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Summary:

Bain Capital must be psychic. Apparently they’ve looked into the future and seen that TokBox, a San Francisco-based startup, will either grow into a large company or find a buyer for what is essentially a Flash-based, in-browser video chat service that’s gotten marginal traction. Sure, the […]

nullBain Capital must be psychic. Apparently they’ve looked into the future and seen that TokBox, a San Francisco-based startup, will either grow into a large company or find a buyer for what is essentially a Flash-based, in-browser video chat service that’s gotten marginal traction. Sure, the company has a new desktop client that allows you to video chat with anyone, but then so does my iChat.

Bain Capital has led a $10 million investment in TokBox. The move comes less than a month after the company named a new CEO, Nick Triantos, who has worked for many tech firms, but has never before held that title.

The company launched in October 2007 and has thus far raised a total of $14 million from Bain and early investors Sequoia Capital. Scott Friend, Venture Partner at Bain Capital Ventures, in a press release announcing the Series B round, said:

“The company is executing well…We are excited to be investing with our partners at Seqouia in a company we believe has the potential to be the next ‘big thing’ in web communication.”

Just to put his words into context, TokBox recently fired its founder and CEO, Serge Faguet. And according to Compete.com, they had about 179,000 visitors in the month of July, though they did sign a deal with Meebo that stands to get them some traction. (For a list of their competitors, check out NewTeeVee’s round-up of video chat applications.)

From the way I understand it, TokBox is using the built-in video capture capabilities in Flash player combined with the Flash media server to offer in-browser video conferencing. When the company launched, I pointed out that it was an “interesting idea, but more of a feature than a platform for a standalone company or model for a viable, long-term business. If (and that’s a big if) TokBox is going to work, it will need to be rapidly adopted by the marketplace.” Rapid adoption hasn’t quite happened, however, and I wonder if it ever will.

But again, the guys at Bain must be able to look into the future better than us skeptics.

  1. Great analyze, Om, it’s probably shareholders agreement like Aol / Tacoda deal. How % gives to some few aol shareholders with blind contract.

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  2. Hi Om, It’s Nick Triantos, the CEO of TokBox. I’d love to set up some time with you to talk with you more about our company and our future plans. Of course, I won’t be able to discuss the details with you in as great a depth as we did with Bain, but we’re pretty excited about the activity we have on the horizon (as was Bain) and would be happy to give you a glimpse into our future too. TokBox me any time to get it set up http://www.tokbox.com/Nick. Looking forward to speaking with you.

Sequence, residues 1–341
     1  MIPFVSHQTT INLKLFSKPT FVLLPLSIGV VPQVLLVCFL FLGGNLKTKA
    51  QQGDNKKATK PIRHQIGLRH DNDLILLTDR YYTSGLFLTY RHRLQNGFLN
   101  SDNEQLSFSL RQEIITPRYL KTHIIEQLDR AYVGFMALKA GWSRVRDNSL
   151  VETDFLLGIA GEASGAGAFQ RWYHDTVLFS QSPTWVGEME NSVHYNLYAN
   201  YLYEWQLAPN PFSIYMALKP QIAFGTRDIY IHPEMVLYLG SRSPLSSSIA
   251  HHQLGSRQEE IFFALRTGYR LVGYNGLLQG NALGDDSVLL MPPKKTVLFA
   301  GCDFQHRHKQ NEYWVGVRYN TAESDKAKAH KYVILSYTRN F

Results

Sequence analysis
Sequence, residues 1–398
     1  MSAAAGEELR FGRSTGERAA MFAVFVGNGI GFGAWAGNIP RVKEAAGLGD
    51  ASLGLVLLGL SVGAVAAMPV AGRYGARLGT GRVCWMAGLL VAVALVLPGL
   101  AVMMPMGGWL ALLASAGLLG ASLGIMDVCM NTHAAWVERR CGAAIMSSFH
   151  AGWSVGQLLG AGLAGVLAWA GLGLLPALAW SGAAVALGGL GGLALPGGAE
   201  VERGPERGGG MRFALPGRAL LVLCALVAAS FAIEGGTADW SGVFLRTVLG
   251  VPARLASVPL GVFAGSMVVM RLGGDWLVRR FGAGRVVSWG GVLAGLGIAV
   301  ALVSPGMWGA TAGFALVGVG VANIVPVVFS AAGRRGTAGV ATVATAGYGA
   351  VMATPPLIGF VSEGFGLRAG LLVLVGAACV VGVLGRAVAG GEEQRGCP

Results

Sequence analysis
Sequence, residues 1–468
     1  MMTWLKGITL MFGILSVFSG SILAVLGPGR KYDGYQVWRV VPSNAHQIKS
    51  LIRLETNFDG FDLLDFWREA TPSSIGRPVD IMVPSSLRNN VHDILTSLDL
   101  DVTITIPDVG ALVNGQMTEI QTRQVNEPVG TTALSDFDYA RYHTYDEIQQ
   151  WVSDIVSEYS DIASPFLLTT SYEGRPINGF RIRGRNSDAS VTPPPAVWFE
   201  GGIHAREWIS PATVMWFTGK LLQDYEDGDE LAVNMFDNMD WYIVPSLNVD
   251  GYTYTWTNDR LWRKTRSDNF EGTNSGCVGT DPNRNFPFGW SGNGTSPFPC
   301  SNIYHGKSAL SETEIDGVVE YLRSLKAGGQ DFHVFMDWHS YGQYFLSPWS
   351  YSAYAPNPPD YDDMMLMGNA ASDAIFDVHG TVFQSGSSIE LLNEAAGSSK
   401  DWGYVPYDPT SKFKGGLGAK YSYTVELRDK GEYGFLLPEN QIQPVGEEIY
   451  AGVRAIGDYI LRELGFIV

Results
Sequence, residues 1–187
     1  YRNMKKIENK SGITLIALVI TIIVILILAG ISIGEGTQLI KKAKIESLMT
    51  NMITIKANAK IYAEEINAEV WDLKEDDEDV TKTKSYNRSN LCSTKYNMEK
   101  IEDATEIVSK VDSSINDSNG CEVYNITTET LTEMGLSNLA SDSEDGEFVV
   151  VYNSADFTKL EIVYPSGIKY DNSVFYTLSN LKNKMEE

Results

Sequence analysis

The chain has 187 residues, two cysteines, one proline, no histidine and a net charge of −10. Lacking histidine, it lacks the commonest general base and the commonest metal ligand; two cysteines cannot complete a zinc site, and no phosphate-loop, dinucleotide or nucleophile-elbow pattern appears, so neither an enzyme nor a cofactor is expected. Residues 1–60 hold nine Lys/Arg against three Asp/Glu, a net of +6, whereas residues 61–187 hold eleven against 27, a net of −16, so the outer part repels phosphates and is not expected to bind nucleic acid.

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  3. Since we video-chat on Skype daily, James and I looked into TokBox last month and didn’t come away very impressed. We tried the Facebook integration and struggled from a usability perspective. In the end, we saw yet another Flash-based video-call app that offered marginal performance: our audio and video were often out of sync. For now, we’ll stick with Skype for better performance, a simple interface and mobile clients. Not to mention that the Skype user base is massive… something that TokBox and many others in this space need to contend with IMO.

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  4. Sequoia also reinvested (which they wouldn’t if there wasn’t something big to this although I agree there are a lot of risks).

    And looks like your readers agree with Bain… the poll is showing 65% for tokbox at the moment

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  5. Om – good analysis. Would love to chat with you about Eyejot (http://eyejot.com). We’re operating on a budget a zillion times smaller than Tokbox but have a realistic revenue model and actually have a growing audience of paying users utilizing our video email platform. People always asks us why Eyejot didn’t (or doesn’t) consider live video as part of our solution and our obvious answer is always why would we in the midst of Skype, iChat, etc. But, what we have excelled in, through robust features and focus, is creating the very best asynchronous video mail platform on the market today. We recently deployed document attachments for video mail (http://www.eyejot.com/help/attachments_adding) and it’s been received well by our users.

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  6. [...] about 62,000 visitors a month, roughly inline with the user metrics reported by Compete.com. I have always been a little skeptical of Tokbox and frankly, I haven’t seen anything that has made me change my mind. [...]

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  7. I have to disagree. Tokbox allows video chat with many people at once. Skype does not. Also, people you invite to the call don’t need to install anything. You may be able to multi-video chat with iChat, but you better hope all those people are using a mac. The services tokbox provides are indispensable to our business. We often need to collaborate with multiple groups overseas, and I don’t know another more effective way to do this.

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  8. [...] July 9, 2009 | 2:40 PM PT | 0 comments Video chatting startup TokBox, which we’ve covered extensively, let go six of its 23 employees this week to help the company “realize [its] [...]

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